JetBlue to add new service from Boston
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Southwest Airlines:domestic changes, continued international expansion, as overall 2017 growth slows
Southwest Airlines plans lower system capacity growth in 2017. The company joins other US airlines working feverishly to return to positive unit revenue as oil prices and labour costs are forecast to rise for most of the country’s airlines.
Even as Southwest’s capacity increases are projected to fall year-on-year in 2017 the airline is broadening its international reach with the debut of new flights from Fort Lauderdale, and is making moves in its domestic network.
This includes its decision to launch service from Cincinnati, a market that has attracted significant low cost service during the past two to three years as its hub status for Delta has diminished. Southwest’s service entry at Cincinnati comes at the cost of flights from Akron and Dayton, which is not surprising, given Cincinnati’s potential to garner higher revenue.
Although Southwest cited some positive trends at the end of 2016, it struck a cautious tone about the operating environment in the US, noting that while yields were improving, the revenue environment remains challenging. US airlines, including Southwest, are being closely watched after declaring they will return to positive unit revenue in 1H2017.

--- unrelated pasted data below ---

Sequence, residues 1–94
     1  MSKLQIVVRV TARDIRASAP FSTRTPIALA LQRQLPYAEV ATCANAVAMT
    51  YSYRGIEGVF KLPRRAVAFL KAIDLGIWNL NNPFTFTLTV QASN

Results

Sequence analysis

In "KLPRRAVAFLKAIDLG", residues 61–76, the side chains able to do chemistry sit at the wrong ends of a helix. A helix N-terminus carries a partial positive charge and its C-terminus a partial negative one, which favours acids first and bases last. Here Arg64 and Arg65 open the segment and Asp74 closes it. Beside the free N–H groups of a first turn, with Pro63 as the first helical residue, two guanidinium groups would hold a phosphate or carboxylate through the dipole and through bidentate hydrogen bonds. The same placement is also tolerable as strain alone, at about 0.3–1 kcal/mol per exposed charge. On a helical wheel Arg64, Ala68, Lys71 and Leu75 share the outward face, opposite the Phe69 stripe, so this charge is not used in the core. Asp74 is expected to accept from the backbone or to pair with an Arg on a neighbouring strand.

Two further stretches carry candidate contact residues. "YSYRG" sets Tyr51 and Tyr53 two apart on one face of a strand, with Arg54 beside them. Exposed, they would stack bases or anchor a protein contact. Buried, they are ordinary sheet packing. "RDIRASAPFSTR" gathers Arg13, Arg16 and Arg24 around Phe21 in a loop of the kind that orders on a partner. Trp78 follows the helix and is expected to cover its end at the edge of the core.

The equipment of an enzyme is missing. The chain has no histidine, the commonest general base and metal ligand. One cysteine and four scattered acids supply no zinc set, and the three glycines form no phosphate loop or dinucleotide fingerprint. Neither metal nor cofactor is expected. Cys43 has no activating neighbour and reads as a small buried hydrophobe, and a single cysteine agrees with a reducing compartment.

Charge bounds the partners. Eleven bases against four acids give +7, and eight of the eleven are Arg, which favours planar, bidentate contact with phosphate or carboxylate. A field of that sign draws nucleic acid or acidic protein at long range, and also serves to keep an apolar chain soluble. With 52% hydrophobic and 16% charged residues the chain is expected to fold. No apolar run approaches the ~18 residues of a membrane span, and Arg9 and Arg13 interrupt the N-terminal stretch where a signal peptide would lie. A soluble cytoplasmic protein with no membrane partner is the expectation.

LCC jetBlue sets ambitious cost targets; quiets critics over staying power of its business model
Since 2014 jetBlue Airways has delivered marked revenue and margin improvement through several new revenue initiatives, including a new fare segmentation scheme and a co-branded credit card deal. During 2015 the airline delivered a revenue unit performance that outperformed the US industry, which itself largely struggled to obtain positive results in that metric.
But jetBlue admits that during that period it was lagging behind the US industry in cost performance; and although the airline has made progress in improving its unit costs, jetBlue holds the view that it has more to accomplish in order to maintain a competitive cost structure for delivering its low fare, medium frills product.
The company has outlined plans to keep its cost growth from flat to 1% from 2018 to 2020, and aims to shed USD250 million to USD300 million through savings by 2020 – in maintenance, corporate, distribution and airport operations. However, the airline is cautioning that certain elements – including a seat densification programme and aircraft delivery schedules – are creating some choppiness in its mid-term unit cost forecast.